The Mundane Face of the Global Caliphate

The Mundane Face of the Global Caliphate

By Farish A. Noor

Today there is much talk, accompanied by some degree of unnecessary speculation and fear-mongering, about the claims and ambitions of Islamists who seek to create a global Caliphate as the panacea for the ills of Muslim society worldwide. That such talk of a pan-Islamic global project would spook the spooks of the international anti-terror industry is, of course, not entirely surprising for nothing seems to agitate the public more these days than the idea of a couple of Muslims getting together and plotting the imminent take-over of the universe.

There are, presently, a plethora of Islamist organisations and mass movements who have taken the notion of the global Caliphate as their goal. Groups like the Hizb’ut Tahrir openly proclaim their vision of a pan-Islamic world; while mainstream Islamist parties ranging from the Ikhwan’ul Muslimin of Egypt and the Arab world to the Jama’at-e Islami of South Asia to the Pan-Malaysian Islamic party of Malaysia have also spread their networks and contacts beyond the host countries where they first emerged. International conferences bring together Islamists from all corners of the globe with the frequency we associate more with international governmental or business conferences; and the internet has already created a virtual Islamoscape where Islamists from every country on the planet may interact simultaneously in real time. In many respects, such a global pan-Islamic universe already exists, and it can be said that the pan-Islamic world is a virtual empire where the sun never sets.

Yet looking beyond the narrow concerns of securocrats obsessed with the threat of Islamic terrorism, we need to peer beneath the discursive carapace of this grand project and understand its true import and what it hopes to achieve.

In my discussions with Islamists from Pakistan to Indonesia, I have been struck by the common appeal of them all: They long to create a global pan-Islamic space where belonging to the same faith community is the only passport one needs to travel across the Muslim world unrestricted. In many respects, this is reminiscent of the travels of Ibn Battuta, the celebrated Muslim traveller whose journeys took him across Africa and all the way to Southeast Asia and beyond. Ibn Battuta was, of course a bad traveller and a fussy tourist who insisted all the time that he be served halal food and live in comfortable familiar surroundings that did not offend or contradict his Muslim sensibilities. What he sought then, and what Islamists today seek, are the same: The freedom to travel across the globe while remaining comfortable in the safe confines of a Muslim universe.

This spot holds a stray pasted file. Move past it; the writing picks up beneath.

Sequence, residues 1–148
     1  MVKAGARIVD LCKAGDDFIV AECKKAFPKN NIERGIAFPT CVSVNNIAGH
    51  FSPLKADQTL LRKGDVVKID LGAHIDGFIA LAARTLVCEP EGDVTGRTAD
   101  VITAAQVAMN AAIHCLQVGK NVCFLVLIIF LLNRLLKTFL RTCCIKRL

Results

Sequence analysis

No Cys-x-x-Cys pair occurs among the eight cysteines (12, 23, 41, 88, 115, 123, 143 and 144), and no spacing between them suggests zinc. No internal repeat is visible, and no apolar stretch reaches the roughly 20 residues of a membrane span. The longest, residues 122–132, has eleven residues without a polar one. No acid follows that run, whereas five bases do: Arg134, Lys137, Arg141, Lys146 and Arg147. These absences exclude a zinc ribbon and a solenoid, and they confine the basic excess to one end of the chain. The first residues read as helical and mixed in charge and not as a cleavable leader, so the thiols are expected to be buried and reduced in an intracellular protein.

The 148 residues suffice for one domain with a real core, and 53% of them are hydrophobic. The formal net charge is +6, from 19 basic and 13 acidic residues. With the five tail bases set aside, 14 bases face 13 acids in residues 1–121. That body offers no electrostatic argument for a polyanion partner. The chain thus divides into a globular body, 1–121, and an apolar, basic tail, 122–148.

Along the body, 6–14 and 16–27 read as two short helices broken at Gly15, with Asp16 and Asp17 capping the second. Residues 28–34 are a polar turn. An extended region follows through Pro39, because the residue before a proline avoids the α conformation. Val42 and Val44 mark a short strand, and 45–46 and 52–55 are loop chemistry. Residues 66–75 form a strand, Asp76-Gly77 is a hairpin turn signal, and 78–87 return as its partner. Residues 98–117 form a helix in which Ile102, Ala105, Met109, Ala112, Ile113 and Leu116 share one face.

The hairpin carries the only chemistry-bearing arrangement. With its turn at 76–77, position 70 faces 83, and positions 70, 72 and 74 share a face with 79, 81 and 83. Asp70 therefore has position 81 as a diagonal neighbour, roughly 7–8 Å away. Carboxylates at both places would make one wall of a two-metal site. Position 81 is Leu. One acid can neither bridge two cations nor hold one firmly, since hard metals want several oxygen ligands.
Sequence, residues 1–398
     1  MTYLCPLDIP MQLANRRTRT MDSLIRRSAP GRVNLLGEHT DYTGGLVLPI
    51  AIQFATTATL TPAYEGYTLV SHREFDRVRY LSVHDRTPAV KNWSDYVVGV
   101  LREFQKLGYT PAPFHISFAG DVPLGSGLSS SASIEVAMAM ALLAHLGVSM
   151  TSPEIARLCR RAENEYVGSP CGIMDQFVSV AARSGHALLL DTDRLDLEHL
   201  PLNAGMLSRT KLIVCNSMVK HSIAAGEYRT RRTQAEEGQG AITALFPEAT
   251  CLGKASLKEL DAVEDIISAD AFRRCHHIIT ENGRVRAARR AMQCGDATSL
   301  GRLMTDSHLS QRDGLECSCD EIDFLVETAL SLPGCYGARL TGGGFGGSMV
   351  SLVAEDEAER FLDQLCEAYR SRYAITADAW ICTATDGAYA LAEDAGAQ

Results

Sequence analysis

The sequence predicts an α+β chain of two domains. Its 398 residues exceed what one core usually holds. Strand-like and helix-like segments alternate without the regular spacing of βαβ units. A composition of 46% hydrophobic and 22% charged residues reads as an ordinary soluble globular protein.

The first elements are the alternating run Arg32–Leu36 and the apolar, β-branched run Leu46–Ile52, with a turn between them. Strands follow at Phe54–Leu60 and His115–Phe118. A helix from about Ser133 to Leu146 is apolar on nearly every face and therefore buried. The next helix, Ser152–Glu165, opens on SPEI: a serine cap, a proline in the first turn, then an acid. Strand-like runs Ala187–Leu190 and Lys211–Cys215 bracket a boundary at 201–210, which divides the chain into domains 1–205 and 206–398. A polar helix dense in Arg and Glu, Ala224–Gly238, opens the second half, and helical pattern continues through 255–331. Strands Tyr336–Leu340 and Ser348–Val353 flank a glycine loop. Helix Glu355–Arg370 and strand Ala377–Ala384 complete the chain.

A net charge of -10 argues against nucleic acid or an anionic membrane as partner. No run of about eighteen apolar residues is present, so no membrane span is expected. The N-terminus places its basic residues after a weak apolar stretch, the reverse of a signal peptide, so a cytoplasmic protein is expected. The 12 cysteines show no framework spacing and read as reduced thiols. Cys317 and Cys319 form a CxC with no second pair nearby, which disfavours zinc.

The global Islamist project can and should be seen in this light as well, for this is yet another aspect of its ambitions. Though it is sometimes couched in somewhat aggressive, if not militarist, terms of conquest and expansion, the yearning is fundamentally a mundane one.

What is it that these global Islamists seek? On one hand the project is restorative in nature: It seeks to restore to the Muslim world the cosmopolitanism and universalism that it once professed but lost with the coming of European imperialism. The Muslim world, we should remember, was global in outlook and its outreach, and Muslim merchants, scholars, diplomats and mystics travelled across the world with ease and regularity that was guaranteed by the presence of long-established networks, itineraries and a communicative infrastructure that were the sinews of this global system.

On the other hand the pan-Islamist vision is also one that is guided by the longing for safety and comfort, where itinerant Muslims feel the need to belong to a globalised world that is safe, or at least not hostile to them. In the same way that itinerant merchants and scholars of the past depended on letters of introduction and guarantees of safe passage that would allow them to travel with ease, likewise the global Islamists today seek the same assurances from an international order that ought to be protecting them. Hence the appeal to Muslim identity and a common faith and value system as the guarantee that their mobility would not be restricted.